A biomedical engineering researcher at the University of Arkansas will use a $416,897 grant from the National Cancer Institute to continue developing a new therapy for bladder cancer.
Assistant professor David Zaharoff previously demonstrated that chitosan, a natural polysaccharide derived from the exoskeletons of crustaceans, can enhance delivery and anti-tumor efficacy of a drug known as Interleukin-12 (IL-12), a powerful cytokine that stimulates the body's immune system to attack a range of cancerous tumors. IL-12 held great promise as a therapy for cancer but was shelved in the 1990s because of its high toxicities.
One of Zaharoff's previous studies eradicated bladder tumors in mice.
"IL-12 has demonstrated remarkable anti-tumor activity in numerous preclinical models," Zaharoff said. "But its clinical use has been limited by severe toxicities following systematic administration. Among other things, this grant will help us address this limitation."
Zaharoff was the first scientist to co-formulate chitosan and IL-12, a discovery he made while working as a postdoctoral fellow at the Laboratory of Tumor Immunology and Biology at the National Cancer Institute. He transferred his research to the U of A when he accepted an endowed position in 2009 and established the Laboratory of Vaccine and Immunotherapy Delivery.
The grant will help researchers further understand the mechanisms by which chitosan facilitates a doctor's ability to deliver IL-12 directly into the bladder. This is done intravesically, via a catheter, rather than by mouth or injecting it into a vein. The funds will also allow Zaharoff's research team to assess the safety and tolerability of intravesical chitosan/IL-12 immunotherapy and to examine how the human body may react to the drug. A third goal of the project will be to understand and describe how intravesical immunotherapy using chitosan/IL-12 can generate systemic immunity to cancer.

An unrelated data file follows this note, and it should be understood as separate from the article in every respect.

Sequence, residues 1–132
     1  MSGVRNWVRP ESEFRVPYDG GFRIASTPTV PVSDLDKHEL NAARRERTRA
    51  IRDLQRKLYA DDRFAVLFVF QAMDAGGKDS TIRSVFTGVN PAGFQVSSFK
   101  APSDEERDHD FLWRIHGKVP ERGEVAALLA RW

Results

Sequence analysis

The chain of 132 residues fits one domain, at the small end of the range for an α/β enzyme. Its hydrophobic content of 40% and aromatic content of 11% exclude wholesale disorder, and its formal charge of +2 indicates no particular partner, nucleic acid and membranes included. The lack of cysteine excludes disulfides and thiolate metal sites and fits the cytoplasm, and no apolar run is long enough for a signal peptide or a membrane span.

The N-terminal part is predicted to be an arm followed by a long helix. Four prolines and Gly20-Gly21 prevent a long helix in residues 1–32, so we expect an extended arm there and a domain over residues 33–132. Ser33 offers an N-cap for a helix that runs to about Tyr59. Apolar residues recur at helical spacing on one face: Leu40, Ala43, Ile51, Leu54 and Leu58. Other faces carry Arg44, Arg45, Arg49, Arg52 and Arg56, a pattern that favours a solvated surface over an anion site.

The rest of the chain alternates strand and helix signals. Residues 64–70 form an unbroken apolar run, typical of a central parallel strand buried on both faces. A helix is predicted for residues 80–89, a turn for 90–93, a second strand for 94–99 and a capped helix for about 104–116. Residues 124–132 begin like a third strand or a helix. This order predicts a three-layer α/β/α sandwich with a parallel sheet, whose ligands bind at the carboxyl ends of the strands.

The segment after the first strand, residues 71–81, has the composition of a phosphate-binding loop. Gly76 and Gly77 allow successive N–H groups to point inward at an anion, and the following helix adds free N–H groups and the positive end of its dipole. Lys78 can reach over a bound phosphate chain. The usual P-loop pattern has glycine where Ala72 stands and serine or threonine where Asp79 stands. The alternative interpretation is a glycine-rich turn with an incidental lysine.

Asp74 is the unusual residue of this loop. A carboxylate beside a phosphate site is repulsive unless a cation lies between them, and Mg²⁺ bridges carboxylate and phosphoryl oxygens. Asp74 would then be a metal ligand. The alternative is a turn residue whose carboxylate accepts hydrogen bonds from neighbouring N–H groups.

Bladder cancer is the sixth most common cancer diagnosis in the United States. Most patients are diagnosed early with superficial, non-invasive disease, but the condition is highly recurrent and requires long-term, costly maintenance therapy.
The current standard of care, a drug called bacillus Calmette-Guerin, known by the acronym BCG, is also administered intravesically. BCG fails with a significant percentage of patients: 30 to 50 percent of patients develop recurrent tumors within five years. Also, BCG, which is a live bacterium, is capable of inducing local and systemic toxicities, including life-threatening sepsis.